Author Archives: Victoria Steelman PhD, RN, CNOR, FAAN

Feb 7, 2017

Patient Safety: What Patients and Families Can Do To Prevent Surgical Site Infections

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When an infection occurs after surgery in the part of the body where surgery was performed, it is called a surgical site infection. These infections are not common, but they do occur in about 1 to 3 patients out of 100 who have surgery. Doctors, nurses and other members of the healthcare team are focusing on preventing these infections, by implementing practices that you may or may not know, including:

  • Washing their hands before each patient contact,
  • Sterilizing surgical instruments,
  • Washing their hands and arms before surgery,
  • Wearing hair coverings, masks, gowns and gloves during surgery,
  • Giving you antibiotics, if appropriate, right before your surgery,
  • If they need to remove hair where your incision will be, using a clipper instead of a razor, and
  • Washing your skin with a special soap, an antiseptic, to kill germs.

But, they cannot prevent infections without your help.

What can I do at home before surgery?

  • Before surgery, discuss any health problems with your physician. Allergies, diabetes, vascular disease, implants, obesity, and sleep apnea are some of the things that can affect your surgery, your treatment, and your recovery.
  • Make sure that you inform your doctor of any recent infections or any open sores.
  • Quit smoking. People who smoke are more likely to get a surgical site infection. Talk to your doctor about ways to successfully quit.
  • If you don’t have a thermometer, get one. You may need one after surgery.
  • If your physician or hospital gives you or instructs you to use a special soap for showering, or antiseptic wipes, follow the instructions for use. If you weren’t given or instructed to use a special soap, shower with soap and water the day of your surgery.
  • Do not shave the area where your incision will be.
  • If you use a CPAP machine, take it with you to the hospital/ambulatory surgery center.

It is very important for you to discuss your health issues with your doctor. For your incision to heal, it needs oxygen. So, the healthcare team needs to take precautions if you have sleep apnea. If you have had a recent infection, or have an open sore, surgery might need to be postponed to keep you safe. Most surgical site infections are from microorganisms on the skin, so making sure that your skin is clean is very important.

What can I do in the hospital or ambulatory surgery center before surgery?

  • Wash your hands.
  • Speak up:
    If someone tries to use a razor to shave your incision site.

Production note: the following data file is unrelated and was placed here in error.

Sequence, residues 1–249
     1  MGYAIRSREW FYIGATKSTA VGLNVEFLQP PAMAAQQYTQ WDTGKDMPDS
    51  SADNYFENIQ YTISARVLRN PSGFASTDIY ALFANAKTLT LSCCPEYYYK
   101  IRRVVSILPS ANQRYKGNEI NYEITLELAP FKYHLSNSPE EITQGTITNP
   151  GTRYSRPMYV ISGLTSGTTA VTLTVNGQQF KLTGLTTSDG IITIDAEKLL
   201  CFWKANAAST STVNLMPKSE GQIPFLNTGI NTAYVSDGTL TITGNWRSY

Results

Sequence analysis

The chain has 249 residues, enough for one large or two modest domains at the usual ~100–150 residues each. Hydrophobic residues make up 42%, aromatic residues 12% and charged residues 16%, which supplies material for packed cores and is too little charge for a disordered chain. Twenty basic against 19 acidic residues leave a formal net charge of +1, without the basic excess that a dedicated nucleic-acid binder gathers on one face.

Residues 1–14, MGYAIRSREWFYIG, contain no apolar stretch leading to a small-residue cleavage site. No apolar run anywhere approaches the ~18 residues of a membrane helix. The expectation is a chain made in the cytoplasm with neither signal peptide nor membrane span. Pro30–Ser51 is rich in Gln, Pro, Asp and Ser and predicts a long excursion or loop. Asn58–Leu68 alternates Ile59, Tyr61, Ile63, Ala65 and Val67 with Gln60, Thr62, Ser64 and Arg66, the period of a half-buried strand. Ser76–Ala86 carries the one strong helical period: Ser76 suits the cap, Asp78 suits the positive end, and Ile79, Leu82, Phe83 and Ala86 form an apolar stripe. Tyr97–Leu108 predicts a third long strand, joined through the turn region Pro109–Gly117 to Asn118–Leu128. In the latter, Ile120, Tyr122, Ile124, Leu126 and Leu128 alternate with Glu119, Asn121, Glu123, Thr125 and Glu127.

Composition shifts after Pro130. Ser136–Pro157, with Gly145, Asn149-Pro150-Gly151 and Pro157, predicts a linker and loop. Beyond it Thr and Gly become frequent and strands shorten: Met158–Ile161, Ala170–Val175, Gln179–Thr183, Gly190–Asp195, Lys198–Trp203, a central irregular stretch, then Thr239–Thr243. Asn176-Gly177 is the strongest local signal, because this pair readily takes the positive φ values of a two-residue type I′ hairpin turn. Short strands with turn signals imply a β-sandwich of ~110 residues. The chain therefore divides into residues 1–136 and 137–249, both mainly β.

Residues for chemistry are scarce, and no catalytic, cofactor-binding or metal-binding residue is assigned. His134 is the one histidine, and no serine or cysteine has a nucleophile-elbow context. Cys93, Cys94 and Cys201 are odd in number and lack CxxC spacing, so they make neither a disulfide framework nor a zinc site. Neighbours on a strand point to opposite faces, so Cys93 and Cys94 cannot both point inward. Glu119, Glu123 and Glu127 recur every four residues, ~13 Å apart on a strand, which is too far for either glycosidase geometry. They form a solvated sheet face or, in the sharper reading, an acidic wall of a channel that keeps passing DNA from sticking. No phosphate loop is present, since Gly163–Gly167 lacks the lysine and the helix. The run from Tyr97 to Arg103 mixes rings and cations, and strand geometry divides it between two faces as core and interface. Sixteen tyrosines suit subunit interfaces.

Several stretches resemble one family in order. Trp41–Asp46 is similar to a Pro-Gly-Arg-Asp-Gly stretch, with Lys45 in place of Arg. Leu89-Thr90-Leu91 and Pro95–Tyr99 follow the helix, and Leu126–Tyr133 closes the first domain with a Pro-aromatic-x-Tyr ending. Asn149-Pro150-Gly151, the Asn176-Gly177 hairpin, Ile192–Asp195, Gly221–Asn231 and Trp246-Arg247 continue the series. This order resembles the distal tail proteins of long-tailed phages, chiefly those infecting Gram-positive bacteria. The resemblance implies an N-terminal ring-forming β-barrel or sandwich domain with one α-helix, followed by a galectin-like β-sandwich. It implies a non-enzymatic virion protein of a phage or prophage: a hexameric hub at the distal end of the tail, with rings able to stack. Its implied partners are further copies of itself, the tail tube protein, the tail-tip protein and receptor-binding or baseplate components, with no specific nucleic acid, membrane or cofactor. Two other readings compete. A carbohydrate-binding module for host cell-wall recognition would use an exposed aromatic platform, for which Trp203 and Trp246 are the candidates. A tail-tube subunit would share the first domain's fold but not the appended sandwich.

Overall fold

If you do not see a provider wash his/her hands before touching you.

It might seem uncomfortable to speak up. But, your nurses and doctors want to do the right thing, and if they forget to wash their hands, they want you to remind them. Say something like, “I was told to remind anyone caring for me to wash their hands if I didn’t see them do it.”

What can I do after surgery?

  • Wash your hands, especially after using the toilet or blowing your nose.
  • Ask family and friends to wash their hands when they enter your room.
  • Speak up if you do not see a provider wash his/her hands.
  • Listen to the instructions preparing you for after you leave the hospital, and have someone else with you to also listen to this important information.
  • Ask questions if you are unsure of anything.

Surgery is likely a stressful experience for you. And, you may not be able to retain all of the information that you are given. Having a second set of ears to listen to instructions is very helpful.

What can I do at home after surgery?

  • Wash your hands.
  • Ask family and friends to wash their hands when they enter your room.
  • Do not let family and friends touch your incision or dressing.
  • Follow the instructions given to you at the hospital or ambulatory surgery center.
  • If you are given antibiotics, take the pills as instructed, and take all of the pills.
  • Notify your physician immediately if you notice any symptoms of infection such as:
    Redness or swelling around the incision.
    Drainage of cloudy fluid from your incision.

If you have any questions, call the contact number on your discharge instructions.

Having a young family member make a “high five” sign saying “Please wash your hands,” is a creative way to engage the whole family. And having a bottle of hand antiseptic nearby makes it easy. If you are given an antibiotic, it is very important that you take every pill, even if you feel fine. If you don’t do this, the microorganisms can become resistant to antibiotics and very difficult to treat. It is not unusual to have questions after surgery. You might not think of these while you are in the hospital. We want you to call if you have questions. You aren’t bothering the doctor or nurse. We want you to do this.

Patients and healthcare providers are partners in preventing surgical site infections. We are doing a lot, but we need your help so that you can have a positive surgical experience, heal well, and have the best possible outcome.

May 19, 2016

The Prevention of Perioperative Hypothermia Toolkit

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The Prevention of Perioperative Hypothermia